Gorilla gorilla gorilla

by Emily Weber

Marlow jabbed his big sister in the ribs when he spotted the first star. "There's one!"

Eve hmmed in her thoughtful way. "You can't map it until there's more, though. Give it a few."

They waited. Another brilliant January sunset had flushed from the sky minutes ago, around 4:15 (Marlow's science textbook, Our Changing Planet, claimed winter suns used to set later in the day). Marlow shuffled out of his windbreaker and used it as a cushion against the acorn-littered tree house floor. Eve sketched something in her spiral bound book, one hand working the charcoal pencil and the other holding a flashlight.

"How come we never come up here anymore?" Marlow asked.

"I dunno," Eve said. "Tree houses are for little kids. We're not kids anymore."

"There's another star. Oh, another!" Marlow dug his "Mapping the Night Sky" worksheet from his pocket and glared at the blank circle waiting for stars. "I can't do this. Can you help me?"

Eve frowned. "Draw what you see. They're just dots."

"I can't."

"Fine. Here." She considered the blank canvas of the page for a moment before starting.

Marlow slid her sketchbook from her lap. "What are you drawing today?"

"Gorilla gorilla gorilla."

Marlow giggled. "What?"

"That's the real name for the Western lowland gorilla. The last ones died this year." Eve pointed the flashlight toward her sketch. "See? Some gorillas actually communicated using sign language." Her sketch: palms gently spread a few inches apart in front of his gorilla lips like a prayer, eyes nearly closed.

"What's he signing?"


"He's sad?"


"Because he died?"

"The gorillas didn't just die. They went extinct," Eve said quietly.

"Same thing."

"Not the same thing."

A cool wind stirred the empty tree branches around them and the dark wisps of Eve's braid. She mapped a few constellations he recognized from class: Canis major, the big dog; Lepus, the hare; Gemini, the twins. They had been so easy to see in the textbook, like connect-the-dots, completely different from the real clumps of stars splattered above. Marlow turned off his flashlight, grateful it wasn't too cloudy to do his homework. After a few minutes, Eve handed her brother the half-completed worksheet and took back her sketch book.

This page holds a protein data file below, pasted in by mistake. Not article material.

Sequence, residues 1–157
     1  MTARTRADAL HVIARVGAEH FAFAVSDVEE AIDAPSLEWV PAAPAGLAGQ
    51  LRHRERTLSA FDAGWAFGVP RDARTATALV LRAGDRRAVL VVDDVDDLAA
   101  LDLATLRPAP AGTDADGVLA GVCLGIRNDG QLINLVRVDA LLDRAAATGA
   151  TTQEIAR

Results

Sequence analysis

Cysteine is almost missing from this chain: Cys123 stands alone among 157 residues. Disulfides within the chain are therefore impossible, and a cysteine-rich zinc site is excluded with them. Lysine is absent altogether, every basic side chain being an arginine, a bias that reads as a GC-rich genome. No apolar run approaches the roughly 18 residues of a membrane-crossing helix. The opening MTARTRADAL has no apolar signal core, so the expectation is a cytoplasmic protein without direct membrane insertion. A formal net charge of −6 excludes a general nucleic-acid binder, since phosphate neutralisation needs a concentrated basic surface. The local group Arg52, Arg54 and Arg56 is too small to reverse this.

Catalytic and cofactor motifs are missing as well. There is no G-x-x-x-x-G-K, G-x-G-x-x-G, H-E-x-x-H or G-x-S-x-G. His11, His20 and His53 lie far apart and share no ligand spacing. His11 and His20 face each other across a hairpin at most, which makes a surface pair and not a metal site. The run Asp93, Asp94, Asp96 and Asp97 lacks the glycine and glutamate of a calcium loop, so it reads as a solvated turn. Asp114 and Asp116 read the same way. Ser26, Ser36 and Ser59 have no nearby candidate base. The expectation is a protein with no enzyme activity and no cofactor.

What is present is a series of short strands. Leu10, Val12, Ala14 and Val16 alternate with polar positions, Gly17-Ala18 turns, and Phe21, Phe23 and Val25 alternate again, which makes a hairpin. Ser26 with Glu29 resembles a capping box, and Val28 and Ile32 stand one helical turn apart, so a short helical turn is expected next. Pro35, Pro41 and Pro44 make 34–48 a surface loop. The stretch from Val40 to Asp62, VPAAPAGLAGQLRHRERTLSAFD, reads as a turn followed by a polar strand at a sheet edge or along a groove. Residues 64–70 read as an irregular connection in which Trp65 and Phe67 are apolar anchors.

"How come you only draw extinct things?" Marlow asked as they swapped.

"I don't know." For a long minute Marlow was sure she wouldn't answer him at all. Mom and Dad practically had to ground her to get her to put down the sketchbook and come to dinner or do her homework or brush her teeth or go to bed. And even then, he could usually hear from the other side of their room the click of her flashlight, the rustle of her sheets, the tender scrape of charcoal on paper as she sketched late into the night.

"I like to imagine the things I draw are still alive, somehow," Eve said at last.

"In your drawings?"

"In my head. I think if I was going extinct, I'd want to know someone was thinking about me after I was gone."

Something cold settled in Marlow's stomach. He folded up his star map, slipped it back into his jacket. "Will you draw me when I die?"

Eve pointed the flashlight down, taking him in for a moment: the scrunch of his forehead, the puff of his cheeks, the dirty jacket, the laces coming undone on his left boot. "They'll fix everything by the time you're a grown-up," she said, reaching out a stiff hand to ruffle his curls. "You don't get a page in my book."

Marlow nodded solemnly. "Okay."

"Done with your map? Let's go back inside."

Marlow slid out of the tree house with a grunt, landing in a feline crouch on his hands and feet. Eve waited until she heard the back door slam shut before flipping to the first page in her sketch book, the first extinct thing in her book: her brother's boyish eyes flecked with starlight; wondrous and frightened, full of curiosity. She gave them one last look before tearing out the page with a flourish and crushing it in the black hole of her hand.

BIO: Emily Weber is putting down roots in Bucks County, Pennsylvania, after living for years on the other side of the state. Her work has been published in The Adroit Journal, Soundings East, and elsewhere.